The week started off with our opening gathering at the Community Orchard. Our Bike Ride around Bridport featured the Mayor, Dave Bolwell and the Town Cryer in full regalia. Stall holders included: Energy Local Bridport, BeeFriendly, Bridport Tree Planting, St. Mary’s Eco Church, Allington Hillbillies, Town Council (energy stall), Sustainable Bridport and the Co-op. A gentle rain, the first we had seen in many weeks, wet those still clearing up their stalls.
On Saturday evening Bridport Sustainable Fashion and Textiles network launched their first network meeting. The invited speaker, Ria Burns runs a sustainable knitting business in Bristol, where she sources all the wool locally to her and has learned how to grow the plants she needs to create a vast range of colours. It was a full event and the audience were keen on developing the network.
On Monday Kevan Manwaring gave a talk on how we can collectively and creatively imagine a future. Near the close he gave the participants a questionnaire that would normally have taken an hour (or days) and instructed us to fill it out in 10 minutes. In other words, stop being so careful, examining the pitfalls and revising mentally before speaking. Just let the ideas flow. It was fascinating and surprising what the unrestricted mind has to say.
One of the talks focussed on the relationship between farming, nature and climate. On Tuesday Alasdair Moffett explained the Upper Axe Landscape Partnership which incorporates 23 farms in an almost completely contiguous land area. The Brit catchment may well attempt this feat in the upcoming few years; this is part of the government’s Environmental Land Management scheme.
On Wednesday afternoon 12 walkers met with Joe, Julie Leah and John Calder for a taster session to learn how to assess hedgerow conditions. The surveys of hedgerow health are an essential part of Dorset CAN’s Great Big Dorset Hedgerow project which aims to restore and expand the network of hedgerows across Dorset. Different examples of a laid hedge and some new planting were looked at – the rich growth and extensive brambles and bracken did make this quite difficult at times! The walk finished at Felicity’s (Morecombelake) for tea and cold drinks.
In the evening Ian Rees and West Dorset Friends of the Earth described to a large audience the different ways that the public can volunteer to help monitor the health of the Brit catchment. Ian stole the show with his invertebrate friends, see 2nd picture. Many people signed up and the hope is to fill most of the potential sites with monitors over the next year.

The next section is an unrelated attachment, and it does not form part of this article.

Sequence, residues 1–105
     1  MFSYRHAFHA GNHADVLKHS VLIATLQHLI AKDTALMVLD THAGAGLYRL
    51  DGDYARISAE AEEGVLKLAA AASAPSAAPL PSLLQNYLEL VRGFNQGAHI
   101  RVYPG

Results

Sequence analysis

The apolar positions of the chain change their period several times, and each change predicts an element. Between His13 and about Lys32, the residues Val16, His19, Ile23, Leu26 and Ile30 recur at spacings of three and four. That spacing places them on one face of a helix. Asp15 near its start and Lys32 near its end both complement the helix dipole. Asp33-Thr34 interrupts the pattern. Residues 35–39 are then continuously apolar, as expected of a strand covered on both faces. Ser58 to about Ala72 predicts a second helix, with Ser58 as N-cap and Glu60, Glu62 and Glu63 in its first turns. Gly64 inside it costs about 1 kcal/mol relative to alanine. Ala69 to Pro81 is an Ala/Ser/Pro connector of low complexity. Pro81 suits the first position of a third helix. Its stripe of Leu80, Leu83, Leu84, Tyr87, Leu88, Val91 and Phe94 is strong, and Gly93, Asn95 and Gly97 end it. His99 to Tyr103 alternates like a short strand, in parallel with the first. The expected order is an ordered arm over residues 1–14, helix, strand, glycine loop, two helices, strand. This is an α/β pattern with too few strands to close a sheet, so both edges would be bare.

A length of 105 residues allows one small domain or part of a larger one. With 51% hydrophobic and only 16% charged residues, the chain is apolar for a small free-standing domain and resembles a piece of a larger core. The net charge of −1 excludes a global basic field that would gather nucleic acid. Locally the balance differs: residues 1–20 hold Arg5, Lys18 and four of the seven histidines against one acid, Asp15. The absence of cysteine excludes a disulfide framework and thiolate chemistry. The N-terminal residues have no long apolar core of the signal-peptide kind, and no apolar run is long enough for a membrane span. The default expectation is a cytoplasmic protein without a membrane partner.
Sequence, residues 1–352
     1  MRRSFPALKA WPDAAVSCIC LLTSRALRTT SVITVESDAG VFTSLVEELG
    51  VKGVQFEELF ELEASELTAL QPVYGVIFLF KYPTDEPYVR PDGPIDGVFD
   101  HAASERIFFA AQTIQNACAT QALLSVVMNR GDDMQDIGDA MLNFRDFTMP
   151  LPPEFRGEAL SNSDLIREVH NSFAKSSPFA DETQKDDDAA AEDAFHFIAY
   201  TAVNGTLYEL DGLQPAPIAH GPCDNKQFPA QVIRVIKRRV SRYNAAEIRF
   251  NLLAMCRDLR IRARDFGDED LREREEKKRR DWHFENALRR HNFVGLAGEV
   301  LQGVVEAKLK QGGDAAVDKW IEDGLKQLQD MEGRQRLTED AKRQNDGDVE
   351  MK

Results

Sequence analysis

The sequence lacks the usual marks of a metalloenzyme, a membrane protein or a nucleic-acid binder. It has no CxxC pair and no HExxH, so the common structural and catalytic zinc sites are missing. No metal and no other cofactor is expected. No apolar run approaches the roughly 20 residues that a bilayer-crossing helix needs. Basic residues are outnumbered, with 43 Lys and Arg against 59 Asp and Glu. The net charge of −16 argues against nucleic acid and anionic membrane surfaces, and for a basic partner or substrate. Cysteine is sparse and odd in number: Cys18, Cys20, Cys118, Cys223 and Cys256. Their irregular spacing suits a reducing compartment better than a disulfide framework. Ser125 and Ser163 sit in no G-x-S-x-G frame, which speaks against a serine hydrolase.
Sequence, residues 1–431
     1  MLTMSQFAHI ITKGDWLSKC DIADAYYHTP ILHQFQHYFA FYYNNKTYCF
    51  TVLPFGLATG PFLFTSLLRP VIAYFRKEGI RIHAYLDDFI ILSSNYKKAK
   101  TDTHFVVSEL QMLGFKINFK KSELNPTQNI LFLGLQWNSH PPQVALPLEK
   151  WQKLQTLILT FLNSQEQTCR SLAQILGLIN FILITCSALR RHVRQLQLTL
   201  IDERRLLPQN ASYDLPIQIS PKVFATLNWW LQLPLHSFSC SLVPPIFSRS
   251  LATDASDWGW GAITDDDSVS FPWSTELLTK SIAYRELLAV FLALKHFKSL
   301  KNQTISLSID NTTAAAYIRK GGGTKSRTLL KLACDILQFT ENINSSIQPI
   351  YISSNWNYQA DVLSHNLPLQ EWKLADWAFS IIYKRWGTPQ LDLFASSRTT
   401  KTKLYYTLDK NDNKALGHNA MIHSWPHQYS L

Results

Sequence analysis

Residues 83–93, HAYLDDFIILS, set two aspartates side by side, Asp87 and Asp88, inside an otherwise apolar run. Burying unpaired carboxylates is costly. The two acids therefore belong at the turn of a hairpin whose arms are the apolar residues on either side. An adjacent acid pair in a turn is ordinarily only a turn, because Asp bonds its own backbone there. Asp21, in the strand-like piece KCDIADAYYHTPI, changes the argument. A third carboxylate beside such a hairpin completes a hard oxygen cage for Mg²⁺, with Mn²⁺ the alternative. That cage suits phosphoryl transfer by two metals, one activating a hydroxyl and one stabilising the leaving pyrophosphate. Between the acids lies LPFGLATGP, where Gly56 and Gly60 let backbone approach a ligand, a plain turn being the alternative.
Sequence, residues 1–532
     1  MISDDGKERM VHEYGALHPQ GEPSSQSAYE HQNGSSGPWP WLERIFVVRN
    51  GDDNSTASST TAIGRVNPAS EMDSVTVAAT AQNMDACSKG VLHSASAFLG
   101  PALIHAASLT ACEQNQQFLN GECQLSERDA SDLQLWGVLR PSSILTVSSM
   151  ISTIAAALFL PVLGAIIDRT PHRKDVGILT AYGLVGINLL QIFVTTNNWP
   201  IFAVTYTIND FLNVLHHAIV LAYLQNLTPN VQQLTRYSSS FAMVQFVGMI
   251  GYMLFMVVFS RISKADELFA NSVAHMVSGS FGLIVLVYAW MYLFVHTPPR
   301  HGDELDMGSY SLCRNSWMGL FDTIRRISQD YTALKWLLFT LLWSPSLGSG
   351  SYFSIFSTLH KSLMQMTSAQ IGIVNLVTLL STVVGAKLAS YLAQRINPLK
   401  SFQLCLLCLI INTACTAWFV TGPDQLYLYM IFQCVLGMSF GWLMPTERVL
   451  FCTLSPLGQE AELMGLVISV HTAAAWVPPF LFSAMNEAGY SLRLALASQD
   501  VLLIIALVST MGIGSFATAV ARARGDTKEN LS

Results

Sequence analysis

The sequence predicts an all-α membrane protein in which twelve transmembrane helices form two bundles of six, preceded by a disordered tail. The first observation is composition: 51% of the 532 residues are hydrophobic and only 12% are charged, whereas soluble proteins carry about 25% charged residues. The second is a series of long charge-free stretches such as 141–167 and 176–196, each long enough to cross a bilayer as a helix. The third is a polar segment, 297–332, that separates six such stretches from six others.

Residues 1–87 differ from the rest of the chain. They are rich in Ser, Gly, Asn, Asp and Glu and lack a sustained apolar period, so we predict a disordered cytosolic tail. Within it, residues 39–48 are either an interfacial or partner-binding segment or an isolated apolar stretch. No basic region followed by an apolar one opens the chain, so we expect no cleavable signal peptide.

On Thursday Nick Gray led a walk to Happy Isle, searching for Himilayan balsam and also checking the health of the river. As one participant describes “we had a look at the areas where Himalayan Balsam is growing, identifying the plant and pulling some of it out. Dorset Wildlife Trust run volunteer work parties that are removing it further upstream first, otherwise the seeds will come down river and continue to populate the banks downstream. We also had the opportunity of enjoying seeing damsel and May flies hatching and glimpsed fish rising in the river. “
Thursday eve: Sustainable Bridport had been successful in obtaining a grant from Transition Together, to collaborate with Bridport Art’s Centre and organise a series of film workshops for young people to make a short film to start a conversation about what they feel about climate change. A local young film maker, George Earwicker, led the workshops where the participants worked on concept, story, character development, script, and filming. The film crew was on hand to answer questions afterward.
Their short film was accompanied by ‘Kiss The Ground’ which showed how farming in a regenerative way and protecting the soil can be a big part of the solution for climate change.
Friday afternoon at St Mary’s School Fayre, as soon as the bell for the end of the school day rang the field was thronged with children and their parents sampling the food and drink on offer plus looking at and taking part in several interactive displays and experiments. The homemade blackcurrant cordial and a range of pestos were all delicious. The children manning the various displays were very keen and knowledgable. It was great to see the very young taking such an interest in growing food, climate and ecological issues. They are great ambassadors for the Edible Garden and the school.
On Friday the warm weather was good enough to draw a good crew of swimmers at West Bay. They are looking at ways to channel their anger and concern over the continued storm overflows of sewage into the sea, searching for ways to cajole the government and Wessex Water into action. First a beach clean, then some chat with Kelvin Clayton, a group swim and more chat over tea and cake.
On the Saturday, Bridport turned out for the annual Food Festival. WD FoE and Sustainable Bridport shared a stall that focused on wind turbines. FoE had a straw poll asking whether onshore wind turbines were viewed positively by the attendees. (out of 91 votes, 70 responses said yes, that West Dorset should use its wind to create energy).
More information about the continuing campaigns behind these events can be found here.
The Great Big Green Week was supported by the Co-op.
“At Co-op we acknowledge that we are in the grips of a climate crisis and we all have a part to play in changing the way we live, therefore during the GBGW Co-op organised sustainability live events all over the country.”
As well as donating to the refreshments, the Co-op had a stall which invited local community groups who are supporting biodiversity: the Millennium Green Trust , Plot 17, The Cow Shed, Jurassic Social Prescribers and Harmony’s allotment.